Blog Posts by Michael Germanovsky

  • Companies Set New Year Goals For 2014


    New Year’s resolutions aren’t just for personal improvement. For businesses, the New Year is an opportunity to set goals, both big and small. But what’s even more important than the resolutions is the ability to follow through.

    Set goals. Goals provide accountability and help gauge the necessary efforts to achieve results. Set a long-term, overarching goal, but also set smaller, more manageable goals that you can review on a weekly or monthly basis. This is where follow-through comes into play.

    As a business owner, at the end of the month or fiscal year, ask yourself if you are meeting the goals set at the beginning of 2014. If so, great; keep going and keep improving! If not, reevaluate and continue to strive for those ultimate goals, so 2014 is great and 2015 is even better.

    Here are three goals some businesses set in 2014:

    Rebrand the company. This is a big change and certainly doesn’t apply to all businesses, but for those who choose to rebrand, the move can breathe new life into a

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  • Word of Mouth Drives Social Media Marketing

    Word of Mouth

    One of the most common questions I hear from small business owners is “How do I leverage social media as part of my marketing campaign?”

    It’s a fair question, for both business owners who launched their companies pre-Y2K and those who launched their companies yesterday. Social media is relatively new to everyone, even though Facebook has been around nearly a decade, and remains unexplored by many small businesses.

    But social media marketing is fairly simple and fundamentally straightforward.

    “At the risk of over simplifying, social media marketing is word-of-mouth marketing at its core,” says Adam Fridman, CEO and found of Mabby, a digital marketing agency that focuses on small businesses and startups.

    Experts agree that the tricky part is executing and creating the “buzz” that drives word-of-mouth marketing. Chicago-based social media professionals Fridman and COO of Mabbly, Vlad Moldavskiy, share three tips for amplifying social media marketing efforts through word of mouth:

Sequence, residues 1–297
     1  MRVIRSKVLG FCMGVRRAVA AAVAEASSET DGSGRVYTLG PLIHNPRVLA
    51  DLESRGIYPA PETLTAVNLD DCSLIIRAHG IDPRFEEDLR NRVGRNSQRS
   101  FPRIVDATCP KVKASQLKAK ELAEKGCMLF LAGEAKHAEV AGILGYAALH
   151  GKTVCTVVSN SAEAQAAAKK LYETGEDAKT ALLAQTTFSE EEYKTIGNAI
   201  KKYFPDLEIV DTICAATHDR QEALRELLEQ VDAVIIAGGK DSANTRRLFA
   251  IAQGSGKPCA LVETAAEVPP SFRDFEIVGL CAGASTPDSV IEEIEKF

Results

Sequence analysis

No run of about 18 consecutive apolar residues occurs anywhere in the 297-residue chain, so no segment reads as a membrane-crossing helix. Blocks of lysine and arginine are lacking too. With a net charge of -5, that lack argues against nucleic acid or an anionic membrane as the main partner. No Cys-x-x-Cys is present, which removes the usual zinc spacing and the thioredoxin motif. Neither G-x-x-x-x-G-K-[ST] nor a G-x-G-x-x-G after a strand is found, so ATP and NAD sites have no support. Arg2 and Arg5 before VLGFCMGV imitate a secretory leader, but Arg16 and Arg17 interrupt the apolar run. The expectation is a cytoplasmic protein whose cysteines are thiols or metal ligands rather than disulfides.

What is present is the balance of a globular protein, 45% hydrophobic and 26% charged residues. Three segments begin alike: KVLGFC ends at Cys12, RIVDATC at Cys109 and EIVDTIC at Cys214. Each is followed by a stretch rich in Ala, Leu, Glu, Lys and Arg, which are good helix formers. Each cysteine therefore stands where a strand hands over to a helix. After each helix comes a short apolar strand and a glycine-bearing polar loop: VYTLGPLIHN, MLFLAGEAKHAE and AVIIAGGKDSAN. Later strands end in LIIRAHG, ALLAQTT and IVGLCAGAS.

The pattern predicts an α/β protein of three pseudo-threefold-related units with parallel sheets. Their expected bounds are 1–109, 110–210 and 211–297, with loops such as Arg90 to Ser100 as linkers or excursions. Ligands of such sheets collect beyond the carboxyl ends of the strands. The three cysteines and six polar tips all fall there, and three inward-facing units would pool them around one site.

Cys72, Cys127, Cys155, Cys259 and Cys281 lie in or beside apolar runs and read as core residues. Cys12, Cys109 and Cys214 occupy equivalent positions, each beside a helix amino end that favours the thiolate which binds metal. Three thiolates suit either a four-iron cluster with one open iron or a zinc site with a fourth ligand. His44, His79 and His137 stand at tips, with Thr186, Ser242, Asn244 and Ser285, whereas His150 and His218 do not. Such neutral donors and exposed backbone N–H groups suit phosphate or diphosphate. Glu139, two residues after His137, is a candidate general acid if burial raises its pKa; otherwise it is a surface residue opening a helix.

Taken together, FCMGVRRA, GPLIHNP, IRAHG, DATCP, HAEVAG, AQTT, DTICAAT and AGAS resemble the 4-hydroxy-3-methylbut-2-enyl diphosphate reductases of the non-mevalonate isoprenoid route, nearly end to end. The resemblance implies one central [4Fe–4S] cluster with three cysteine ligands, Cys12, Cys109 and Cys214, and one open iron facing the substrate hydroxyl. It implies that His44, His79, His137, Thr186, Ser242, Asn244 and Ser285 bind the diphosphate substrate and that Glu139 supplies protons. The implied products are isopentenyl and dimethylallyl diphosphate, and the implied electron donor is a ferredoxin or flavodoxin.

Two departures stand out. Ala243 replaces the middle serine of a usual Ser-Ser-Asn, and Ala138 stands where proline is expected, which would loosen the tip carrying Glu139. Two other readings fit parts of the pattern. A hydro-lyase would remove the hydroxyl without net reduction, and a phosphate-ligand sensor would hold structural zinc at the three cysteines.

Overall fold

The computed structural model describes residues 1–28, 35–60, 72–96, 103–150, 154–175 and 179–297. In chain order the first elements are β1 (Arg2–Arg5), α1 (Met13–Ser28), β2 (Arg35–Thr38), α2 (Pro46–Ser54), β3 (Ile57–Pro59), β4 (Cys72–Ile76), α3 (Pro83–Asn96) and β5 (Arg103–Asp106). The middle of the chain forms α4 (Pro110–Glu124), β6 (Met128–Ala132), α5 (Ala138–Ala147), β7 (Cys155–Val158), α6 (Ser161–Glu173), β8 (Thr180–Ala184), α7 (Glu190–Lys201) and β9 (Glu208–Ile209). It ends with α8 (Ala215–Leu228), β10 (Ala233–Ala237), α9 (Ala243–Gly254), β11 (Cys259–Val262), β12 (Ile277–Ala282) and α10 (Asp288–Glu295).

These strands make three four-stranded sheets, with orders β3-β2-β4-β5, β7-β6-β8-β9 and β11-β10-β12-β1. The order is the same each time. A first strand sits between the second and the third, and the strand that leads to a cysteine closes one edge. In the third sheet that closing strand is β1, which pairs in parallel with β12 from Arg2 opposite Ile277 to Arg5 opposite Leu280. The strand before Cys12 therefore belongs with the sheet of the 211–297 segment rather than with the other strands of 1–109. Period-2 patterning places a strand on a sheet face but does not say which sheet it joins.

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  • The Trajectory of Social Networking Shows Specialization

    In recent years, a successful trajectory of social networking for small businesses owners was closely tied with specialization in online marketing. By establishing a dialogue and building social environments for consumers, small businesses were able to grow out of their local markets.

    So you’ve started a business, bought a domain name, and registered a Facebook page. Now what?

    Nowadays, it is not enough to own a simple social profile and a template based website. More small business owners are becoming experts in various forms of specialization in social networking, including online social marketing.

    Keeping a focus on the next big thing – by sharing news, pictures, and comments - is detrimental to building a social network. Small business customers expect extra attention; and want to see what YOU are doing. Positive comments and testimony on social pages have a higher bearing on consumer’s decision making, according to research published by the Johnson & Wales University.

    When selecting

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  • Broaden Your Customer Base with a Merchant Account and a Website

    Internet shopping continues to grow at record levels and smartphones are ubiquitous. Whether your business is in retail or the service industry, a merchant account and website are important tools to help grow the business.

    ComScore estimated that online holiday shopping in November rose 28% this year over last, and purchases on mobile devices were up 10%. Cash is out. Plastic is in. According to the Small Business Administration, credit cards are the most common method of customer payment. So if you don't have a merchant account, you could be losing revenue.

    A merchant account is a special bank account that allows business owners to process e-commerce transactions. Merchant accounts are available to everyone these days, regardless of the size or type of business. Companies like Square and Intuit offer devices that are compact and that easily attach to your mobile phone. This allows you to accept credit cards on the move, anywhere there is an internet connection and a smartphone.

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  • Building Business Credit


    As your entrepreneurial spirit shines through and you embark on your new venture, it is important to separate your business and personal credit. A mistake many new business owners make is using their personal credit to open lines of credit for their startup. Using your personal credit history can be problematic for several reasons. Not only will it increase the number of inquiries made to your personal credit profile, but it will also prevent your business from building its own credit.

    Establish an Identity for Your Business

    You need to register your business with state and local governments in order to begin building credit for the entity. A sole proprietorship can register in the form of a DBA (Doing Business As). However it may be more prudent to register as a Corporation or LLC (Limited Liability Company), which decreases the liability of the owner and adds more separation between business and personal finances.

    Regardless of how you register your business, it is important to

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